The barracks were divided into three parts:  the Kapos or Jewish leaders (The Germans didn’t contact with the Jews) prisoners in the middle, then latrines. In the triple wooden bunks, prisoners wanted to be on the top, which had better heat, air, etc. Additionally, Symon reminded us that people with dysentery couldn’t get out of the bunks, so they soiled themselves.  Also, prisoners had to deal with lice and rats, which made things way worse for the prisoners on bottom, who had it rough.  Yet, despite the smell, people still wanted a job in the latrines.  Smell doesn’t kill.  Being inside was warmer than outside work, and much of survival depended on who you worked for. Prisoners working outside tried to steal something to burn in stove for a little heat. Birkenau was located on the outskirts of the most industrial area in Poland, so labor didn’t pose much of a problem.  When the Russians arrived, they found 300 wooden barracks. However much of Birkenau was dismantled to help rebuild the capital.

Ash pit where bodies were burned

Ash pit where bodies were burned

Outside, there was barbed wire which was electrocuted. According to Symon, only 144 prisoners ever escaped.  While the Nazi’s tried to hide what was going on here, the prisoners weren’t stupid.  They saw thousands of prisoners arrive, walk over to the gas chambers.  None came back. The Greek prisoners had traveled two weeks on cattle cars before arriving to the horrors.

Symon reminded us that Mengele was one of many SS doctors in Auschwitz. They wanted to find the best methods of sterilization.  Several photographs around the camp came from a camera a prisoner had used or an album a Jewish woman had found showing the atrocities of Auschwitz.  It’s estimated that the doctor who assessed who was capable of work  typically killed 80% and allowed 20% to live. The Nazi’s used cremation because with ashes, you can’t tell how many died. The sonderkommando’s burned bodies in pits first, and then ground and remaining bones. But, we as humans like a black and white world. The Nazis had to kill both normalcy and kindness and then explain to people why they needed to kill. If you see people, it’s harder to kill. That’s why the Nazi’s end up using Zyklon B in the evolution of killing. Soldiers didn’t have to come face to face with their victims.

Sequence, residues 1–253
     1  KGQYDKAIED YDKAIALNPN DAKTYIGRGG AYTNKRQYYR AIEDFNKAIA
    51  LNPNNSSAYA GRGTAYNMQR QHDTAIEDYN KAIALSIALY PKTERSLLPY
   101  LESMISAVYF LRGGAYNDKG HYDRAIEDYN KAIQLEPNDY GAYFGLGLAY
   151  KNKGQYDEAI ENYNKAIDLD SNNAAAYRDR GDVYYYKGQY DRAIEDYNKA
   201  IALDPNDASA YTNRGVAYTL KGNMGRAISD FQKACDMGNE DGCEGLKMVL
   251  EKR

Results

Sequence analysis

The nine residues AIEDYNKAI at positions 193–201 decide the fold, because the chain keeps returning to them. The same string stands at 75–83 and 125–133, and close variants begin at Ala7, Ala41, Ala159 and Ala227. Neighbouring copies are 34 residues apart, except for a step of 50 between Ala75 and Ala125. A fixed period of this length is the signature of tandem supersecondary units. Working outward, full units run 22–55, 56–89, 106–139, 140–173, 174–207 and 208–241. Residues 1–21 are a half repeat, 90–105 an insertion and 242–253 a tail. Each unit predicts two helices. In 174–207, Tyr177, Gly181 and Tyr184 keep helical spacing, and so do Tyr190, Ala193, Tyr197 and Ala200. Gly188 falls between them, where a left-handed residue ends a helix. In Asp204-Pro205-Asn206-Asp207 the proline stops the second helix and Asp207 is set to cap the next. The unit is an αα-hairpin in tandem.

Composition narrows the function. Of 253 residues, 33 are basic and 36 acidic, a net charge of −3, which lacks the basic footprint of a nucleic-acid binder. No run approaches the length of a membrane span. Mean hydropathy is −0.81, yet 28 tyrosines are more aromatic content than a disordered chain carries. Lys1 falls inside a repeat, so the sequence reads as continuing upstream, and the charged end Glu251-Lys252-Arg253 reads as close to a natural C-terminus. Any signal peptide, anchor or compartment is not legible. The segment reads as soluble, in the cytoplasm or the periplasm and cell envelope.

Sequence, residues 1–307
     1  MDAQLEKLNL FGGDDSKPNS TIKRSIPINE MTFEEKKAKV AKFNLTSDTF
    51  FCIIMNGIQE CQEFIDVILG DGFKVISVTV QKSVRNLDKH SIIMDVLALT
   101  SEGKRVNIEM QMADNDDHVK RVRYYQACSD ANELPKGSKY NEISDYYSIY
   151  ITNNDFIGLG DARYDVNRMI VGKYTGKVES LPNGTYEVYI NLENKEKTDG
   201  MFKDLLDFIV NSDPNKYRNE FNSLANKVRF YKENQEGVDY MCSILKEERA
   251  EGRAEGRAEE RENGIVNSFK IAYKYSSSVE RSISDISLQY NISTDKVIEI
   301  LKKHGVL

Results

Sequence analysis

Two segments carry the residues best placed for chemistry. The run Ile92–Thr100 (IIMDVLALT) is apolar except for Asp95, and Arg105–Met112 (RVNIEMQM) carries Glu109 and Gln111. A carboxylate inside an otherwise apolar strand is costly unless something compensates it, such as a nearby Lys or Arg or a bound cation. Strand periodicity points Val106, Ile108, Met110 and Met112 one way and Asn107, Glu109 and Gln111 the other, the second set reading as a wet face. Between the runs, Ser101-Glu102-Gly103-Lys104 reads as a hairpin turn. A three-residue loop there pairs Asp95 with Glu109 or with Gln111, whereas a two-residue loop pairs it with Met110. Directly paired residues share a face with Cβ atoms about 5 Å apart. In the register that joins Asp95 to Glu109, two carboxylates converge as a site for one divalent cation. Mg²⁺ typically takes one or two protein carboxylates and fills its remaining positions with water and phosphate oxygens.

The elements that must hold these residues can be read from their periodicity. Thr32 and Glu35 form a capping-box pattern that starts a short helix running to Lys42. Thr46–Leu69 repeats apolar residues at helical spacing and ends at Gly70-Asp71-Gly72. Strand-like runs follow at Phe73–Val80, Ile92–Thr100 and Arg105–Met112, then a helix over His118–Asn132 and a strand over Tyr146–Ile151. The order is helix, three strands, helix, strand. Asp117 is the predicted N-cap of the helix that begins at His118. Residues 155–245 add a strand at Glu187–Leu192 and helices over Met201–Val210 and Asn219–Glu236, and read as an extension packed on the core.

Monument recognizing the Sonderkommandos who blew up a crematorium

Monument recognizing the Sonderkommandos who blew up a crematorium

But, many Jews didn’t want to believe that the Germans wanted to kill them, despite the evidence. They didn’t want to believe the rumors. When they started to believe, the Warsaw uprising happened.  They wanted to go down fighting, not in the gas chambers.  Symon also referenced the Polish guard who let himself get captured (Covered in Auschwitz Escape, which I just finished reading.)  I was disappointed to learn that he had survived Auschwitz, only to be shot by communists as betrayer after the war. The gas chambers consisted of three parts:  an Undressing room, the gas chamber, and crematorium. Because of their work, sonderkommandos were isolated because they knew too much. Some lived in attics over the crematorium. I can’t even imagine.  They usually cremated 4,000 corpses a day, with totals up to 9,000.  Ashes were placed in Ash pits like those above, or were used for fertilizers in area farms. They refuse to do archaeology any more here because these are open graves. This is one meaning in living stones.

Remnants of "Canada"

Remnants of “Canada”

Finally, we went to “Canada,” so called because of its wealth. Four hundred trains per month were sent from a Auschwitz with valuables collected from arriving Jews. Diamonds were traded to get food. Food and medicine were the currency of the camps. When asked how to survive, the answers usually given were that you had to have age, health, good psyche, and  physical fitness.  When the sonderkommandos tried to revolt, they smuggled gun powder etc. from Canada and exploded the Crematorium.  One group escaped, but were returned, and on Oct 7,1944, about 450 sonderkommandos were executed. In November, the Nazis stopped executing because they needed to destroy evidence. The sonderkommandos knew they were going to be eliminated as well.  The Germans organized the last roll call, then 56,000 prisoners were evacuated 30 km. The Germans destroyed the names of the prisoners, which allowed the sonderkommandos to try to join prisoners. Though they had to pretend to be weak, they made it out.  The Germans tried to find them in other camps, but a few survived–one still lives in Israel. One Polish man escaped the death march by wearing two sets of clothes. Still, only Only 20-25 sonderkommandos survived. They testified after the war. One SS man said they shouldn’t have survived.

Reflections of the people

Reflections of the people

Finally, Symon shared with us that the narration of Birkenau has changed since Communist rule. Polish students learned the real history from their grandparents who had lived through it.   He also shared that Hugo Boss had designed the SS uniforms, and Alliance was the company who insured the Nazis.

As we headed back home, many discussions turned to the need for connections, and that these stories become so much more than just history and empty buildings because we knew someone who had experienced it and shared her stories with us.  In a world of increasing individualism, the connections we forge are the most important we can have.